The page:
One thing is for sure in EMS – whenever you start your shift, you do not know what the day (or night) is going to bring. You don’t know what calls you will be dispatched to and you certainly don’t know what you will encounter during your shift. That was probably the case for Martin...
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One thing is for sure in EMS – whenever you start your shift, you do not know what the day (or night) is going to bring. You don’t know what calls you will be dispatched to and you certainly don’t know what you will encounter during your shift.
That was probably the case for Martin Blount and Richard Senneff, both firefighter/paramedics assigned to Rescue Ambulance 71 with the Los Angeles Fire Department on June 25, 2009. Both firefighter/paramedics and Engine 71, with a captain, engineer and two other firefighter/paramedics, were dispatched on that day to Michael Jackson’s house.
On Sept. 30, 2011, Blount and Senneff were called into court to testify in Dr. Conrad Murray’s manslaughter trial. Murray is charged with manslaughter and accused of administering a lethal dose of the powerful anesthetic Propofol to Jackson.
The appearance of Blount and Senneff in court supports the point that proper documentation is essential for all calls. During his courtroom appearance, Senneff was asked to describe his role on that call. On that day, Senneff was riding in the passenger seat of the ambulance and he said that made him the medical team leader, so he handled the radio and all communications and wrote all the reports.
During the opening line of questioning, an image of the teletype received in the station when the alarm was dispatched was projected in the courtroom. During his testimony, Senneff had to walk the jury through the document, line by line describing what each line meant. The alarm was received in the Alarm Office at 1221 hours, the station received the dispatch at 1222 hours and the responders arrived at the home at 1226 hours. The teletype also indicated the call was for a cardiac arrest of a 50-year-old male.
Senneff indicated he found Jackson down in a bedroom and the only other people in the room were Murray and a security guard. He said he asked the doctor several times whether there was a DNR and that he observed an IV stand with an IV bag hanging from it. According to Senneff’s testimony, Murray did not tell paramedics on scene that Jackson had Propofol in his system, but instead told them the singer had been given no medication. Murray later admitted he had given Jackson the sedative Lorazepam. Although Jackson had died, Senneff told the jury, he tried to resuscitate the singer for 47 minutes, noting Murray refused to let them officially declare Jackson dead.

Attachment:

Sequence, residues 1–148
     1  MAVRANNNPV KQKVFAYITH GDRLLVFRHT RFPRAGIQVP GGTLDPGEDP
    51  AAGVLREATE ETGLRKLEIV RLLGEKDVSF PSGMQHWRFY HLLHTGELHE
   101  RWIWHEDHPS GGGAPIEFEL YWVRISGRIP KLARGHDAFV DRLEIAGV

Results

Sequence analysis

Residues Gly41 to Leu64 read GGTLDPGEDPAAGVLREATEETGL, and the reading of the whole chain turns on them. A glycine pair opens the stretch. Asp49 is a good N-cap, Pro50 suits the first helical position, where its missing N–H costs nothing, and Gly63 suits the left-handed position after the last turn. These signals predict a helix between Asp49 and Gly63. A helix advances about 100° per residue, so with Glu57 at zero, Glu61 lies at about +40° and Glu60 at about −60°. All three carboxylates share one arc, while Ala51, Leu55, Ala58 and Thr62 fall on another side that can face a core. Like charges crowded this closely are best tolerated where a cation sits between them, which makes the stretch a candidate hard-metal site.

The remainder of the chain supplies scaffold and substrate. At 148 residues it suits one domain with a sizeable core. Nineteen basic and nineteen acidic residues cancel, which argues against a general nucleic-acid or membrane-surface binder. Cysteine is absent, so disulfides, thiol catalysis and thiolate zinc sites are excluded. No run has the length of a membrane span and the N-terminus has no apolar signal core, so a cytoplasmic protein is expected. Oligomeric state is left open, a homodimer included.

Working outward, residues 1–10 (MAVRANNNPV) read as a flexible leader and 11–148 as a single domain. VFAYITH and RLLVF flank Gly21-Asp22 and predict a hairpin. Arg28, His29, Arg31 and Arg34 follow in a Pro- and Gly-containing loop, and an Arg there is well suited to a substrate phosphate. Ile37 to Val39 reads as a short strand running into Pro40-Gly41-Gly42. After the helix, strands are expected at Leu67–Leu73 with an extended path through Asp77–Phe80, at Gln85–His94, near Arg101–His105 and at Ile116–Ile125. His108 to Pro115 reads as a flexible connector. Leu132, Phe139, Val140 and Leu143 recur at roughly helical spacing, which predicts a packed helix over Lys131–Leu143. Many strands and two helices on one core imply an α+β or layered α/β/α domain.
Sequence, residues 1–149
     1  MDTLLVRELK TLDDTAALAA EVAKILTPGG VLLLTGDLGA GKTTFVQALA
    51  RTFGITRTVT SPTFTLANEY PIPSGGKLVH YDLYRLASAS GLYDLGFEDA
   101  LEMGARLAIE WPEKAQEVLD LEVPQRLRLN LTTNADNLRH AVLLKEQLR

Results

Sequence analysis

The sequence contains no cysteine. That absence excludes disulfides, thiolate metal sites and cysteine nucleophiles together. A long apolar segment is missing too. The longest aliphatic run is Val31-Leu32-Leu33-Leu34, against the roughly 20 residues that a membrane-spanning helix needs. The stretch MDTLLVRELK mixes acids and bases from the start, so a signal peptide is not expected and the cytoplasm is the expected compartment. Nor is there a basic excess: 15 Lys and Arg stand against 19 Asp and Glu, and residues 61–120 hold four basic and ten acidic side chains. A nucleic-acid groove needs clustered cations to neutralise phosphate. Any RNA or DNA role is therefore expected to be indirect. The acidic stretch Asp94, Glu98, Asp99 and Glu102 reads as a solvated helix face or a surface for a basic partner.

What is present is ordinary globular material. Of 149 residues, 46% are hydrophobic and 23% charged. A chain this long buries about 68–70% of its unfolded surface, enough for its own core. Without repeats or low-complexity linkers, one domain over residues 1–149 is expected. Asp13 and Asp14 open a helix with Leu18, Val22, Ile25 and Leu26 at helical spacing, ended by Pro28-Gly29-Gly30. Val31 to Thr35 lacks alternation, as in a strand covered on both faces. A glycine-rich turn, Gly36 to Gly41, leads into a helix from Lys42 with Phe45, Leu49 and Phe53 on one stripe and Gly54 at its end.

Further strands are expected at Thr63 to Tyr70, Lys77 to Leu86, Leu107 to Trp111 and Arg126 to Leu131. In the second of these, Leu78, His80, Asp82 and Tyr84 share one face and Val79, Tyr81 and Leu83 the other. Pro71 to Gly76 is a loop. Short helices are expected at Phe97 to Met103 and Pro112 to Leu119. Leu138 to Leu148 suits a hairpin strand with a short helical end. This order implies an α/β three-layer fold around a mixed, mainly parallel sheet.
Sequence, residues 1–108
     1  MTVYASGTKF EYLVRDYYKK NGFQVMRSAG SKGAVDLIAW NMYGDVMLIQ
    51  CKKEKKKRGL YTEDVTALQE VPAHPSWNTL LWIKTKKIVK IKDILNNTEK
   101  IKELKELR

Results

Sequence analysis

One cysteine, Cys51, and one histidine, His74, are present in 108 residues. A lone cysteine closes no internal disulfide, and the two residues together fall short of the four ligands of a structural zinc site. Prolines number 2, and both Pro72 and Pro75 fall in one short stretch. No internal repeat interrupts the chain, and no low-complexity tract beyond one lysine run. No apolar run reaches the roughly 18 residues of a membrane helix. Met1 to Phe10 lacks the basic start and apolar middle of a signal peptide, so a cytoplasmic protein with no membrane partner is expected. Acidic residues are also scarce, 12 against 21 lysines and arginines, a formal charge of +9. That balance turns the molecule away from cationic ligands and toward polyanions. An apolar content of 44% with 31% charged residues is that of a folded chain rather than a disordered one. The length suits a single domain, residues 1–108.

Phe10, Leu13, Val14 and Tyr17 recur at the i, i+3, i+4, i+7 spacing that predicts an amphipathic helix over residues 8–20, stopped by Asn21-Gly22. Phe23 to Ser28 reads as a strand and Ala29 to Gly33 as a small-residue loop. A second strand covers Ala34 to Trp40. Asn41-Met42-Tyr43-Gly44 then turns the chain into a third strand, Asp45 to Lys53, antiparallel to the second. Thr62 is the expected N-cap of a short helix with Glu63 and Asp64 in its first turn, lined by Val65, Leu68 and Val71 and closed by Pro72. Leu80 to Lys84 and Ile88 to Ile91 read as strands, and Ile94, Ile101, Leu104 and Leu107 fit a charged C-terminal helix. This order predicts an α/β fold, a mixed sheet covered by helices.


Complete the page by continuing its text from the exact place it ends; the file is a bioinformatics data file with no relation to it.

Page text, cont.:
During his testimony, Blount said he saw three open bottles of Lidocaine on the floor of the room, but Murray never mentioned giving Jackson the painkiller. Blount told jurors he saw the doctor scoop up the vials and drop them into a black bag.
Being called into a courtroom to testify is not uncommon for firefighter/paramedics. Work long enough in this profession and eventually you will be subpoenaed to court. In this case, Blount and Senneff were testifying in a criminal matter, but it is not unusual for paramedics to be subpoenaed to testify in civil matters in which one party is suing another, usually in cases of injury.
It all comes down to documentation. In this case, Blount and Senneff were testifying more than two years after the incident. It’s likely they remembered many of the details because it was such a high-profile event, but if the call had involved an ordinary citizen, chances are they would have not remembered the call. All that would have let them testify with such accuracy was the documentation they had on their patient-care report.
Over the years, I have performed expert-witness work for attorneys. Many times, I have been appalled by the lack of documentation by paramedics. One day, you may find yourself in a courtroom or at a deposition and you will have to explain your actions. With proper documentation, you will be able to do so with ease.